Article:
November 3, 1979
THE TAVERN WAS CALLED Babe O'Brien's. No one named O'Brien had ever, in its twenty years of business, owned the place. In fact, no one even remotely Irish had ever owned Babe O'Brien's. The name had been chosen by Juan Hernandez De Barcelona, who had never been to Barcelona and whose ancestors had almost certainly never been to either Ireland or Spain.
Juan Hernandez De Barcelona was a black man about the size and shape of a two-door refrigerator. He had earned his money by working on the docks of Port au Prince. As a boy he had loaded and unloaded ships. As a young man he had loaded and unloaded drunken sailors. And as a man he had unloaded pistols more than once into the bellies of people who annoyed the Baron Duvivier, a colonel in the Tonton Macute who sometimes found it expedient to employ the services of an outside broken-bottle man like Juan rather than one of his own troops.
It was the Baron, whose business was not always that of the country, who advised Juan Hernandez to add the "De Barcelona" to his name. Although Juan would one day kill the Baron with his bare hands and steal the money the Baron wore in a money belt under his brown uniform, Juan Hernandez always respected the memory of his mentor and the advice he had been given.
When he reached New Orleans after taking the place of a black American sailor named Jerris Simms who had had an unfortunate encounter with a machete, Juan Hernandez considered investing the deceased Baron Duvivier's money in a whorehouse, but the competition in New Orleans was more than Juan was yet ready to deal with. Instead, he moved to Corpus Christi, Texas, because he liked the name, and put his capital in a tavern formerly named the Blue Ridge. It was in a neighborhood changing from poor redneck to poor Mexican and a smattering of blacks-mostly Jamaicans and Haitians.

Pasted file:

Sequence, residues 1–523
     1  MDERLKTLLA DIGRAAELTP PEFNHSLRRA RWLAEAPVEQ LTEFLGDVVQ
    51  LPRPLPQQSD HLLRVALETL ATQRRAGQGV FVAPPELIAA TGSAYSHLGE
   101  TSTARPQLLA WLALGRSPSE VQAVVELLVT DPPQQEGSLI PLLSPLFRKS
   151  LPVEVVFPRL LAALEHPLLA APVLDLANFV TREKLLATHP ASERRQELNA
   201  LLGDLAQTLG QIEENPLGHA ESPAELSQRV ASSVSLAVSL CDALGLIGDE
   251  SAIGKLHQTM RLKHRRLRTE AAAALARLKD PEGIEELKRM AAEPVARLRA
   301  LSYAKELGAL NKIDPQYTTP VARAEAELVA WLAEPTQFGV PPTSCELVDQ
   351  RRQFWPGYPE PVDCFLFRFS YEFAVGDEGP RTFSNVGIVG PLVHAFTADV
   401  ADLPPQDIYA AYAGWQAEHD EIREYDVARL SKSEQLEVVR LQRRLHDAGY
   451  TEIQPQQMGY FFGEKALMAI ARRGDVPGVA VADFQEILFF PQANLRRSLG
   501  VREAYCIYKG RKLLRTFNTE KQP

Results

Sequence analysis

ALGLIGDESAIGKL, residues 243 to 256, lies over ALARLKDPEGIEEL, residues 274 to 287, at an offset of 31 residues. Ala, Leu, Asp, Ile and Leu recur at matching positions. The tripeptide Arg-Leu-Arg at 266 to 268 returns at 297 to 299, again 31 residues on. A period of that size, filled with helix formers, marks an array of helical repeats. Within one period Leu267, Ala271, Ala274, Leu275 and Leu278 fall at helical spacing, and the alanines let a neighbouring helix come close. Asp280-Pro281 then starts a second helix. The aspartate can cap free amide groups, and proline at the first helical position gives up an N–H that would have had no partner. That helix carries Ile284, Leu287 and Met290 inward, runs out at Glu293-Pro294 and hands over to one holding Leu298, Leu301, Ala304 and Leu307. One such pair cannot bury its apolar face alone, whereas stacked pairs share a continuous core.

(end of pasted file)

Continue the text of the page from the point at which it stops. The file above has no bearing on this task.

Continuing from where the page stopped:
Juan Hernandez named the place Babe O'Brien's because he wanted to be an American success and in a movie he had seen the name over a tavern owned by a short fat character played by an actor whose name he didn't recognize.
Juan Hernandez was a killer but he was also a romantic: He believed in the American dream. The bar was not even the beginning.
The real business of Juan Hernandez was women. The bar, Juan told potential employees, was just a front, like the front of the house in Gone with the Wind . To his disappointment, one of the Mexican whores had told him that the house in the movie was just a big flat painted lie propped up by boards.
But beyond the end of the bar was a door behind which was the real business of Babe O'Brien's. Here Juan himself sat night after night drinking slowly and passing judgment on those who wanted to enter that door. Behind that door, the flesh was fresh, young, and reasonably well paid. The women and girls were black, white, brown, and yellow. They were Indians, Chinese, Mexicans, Creoles, French, Haitians, Jamaicans, and even one Russian or, at least, one blonde with an accent who claimed that her name was Ludmilla and that she was from Leningrad.
Juan Hernandez dealt only in cash and he kept no books except behind the bar, for the drinks. The only tax paid was on the bar and, strangely enough, the bar turned out to be profitable, not the kind of profit that Juan Hernandez felt was sufficient, but profitable still. For twenty years, Juan had suffered little inconvenience at the door at the rear of Babe O'Brien's. In his third year of business, that entrance had acquired the name Heaven's Portal. It had been so named by a skinny drunk who had come only once. The drunk had paused and sang to Juan Hernandez De Barcelona, "You are my lucky star." And moments later he added, "You opened heaven's portal here on earth for this poor mortal."
In the next seventeen years there had been three robbery attempts in Babe O'Brien's, one by a trio of brothers named Valenciana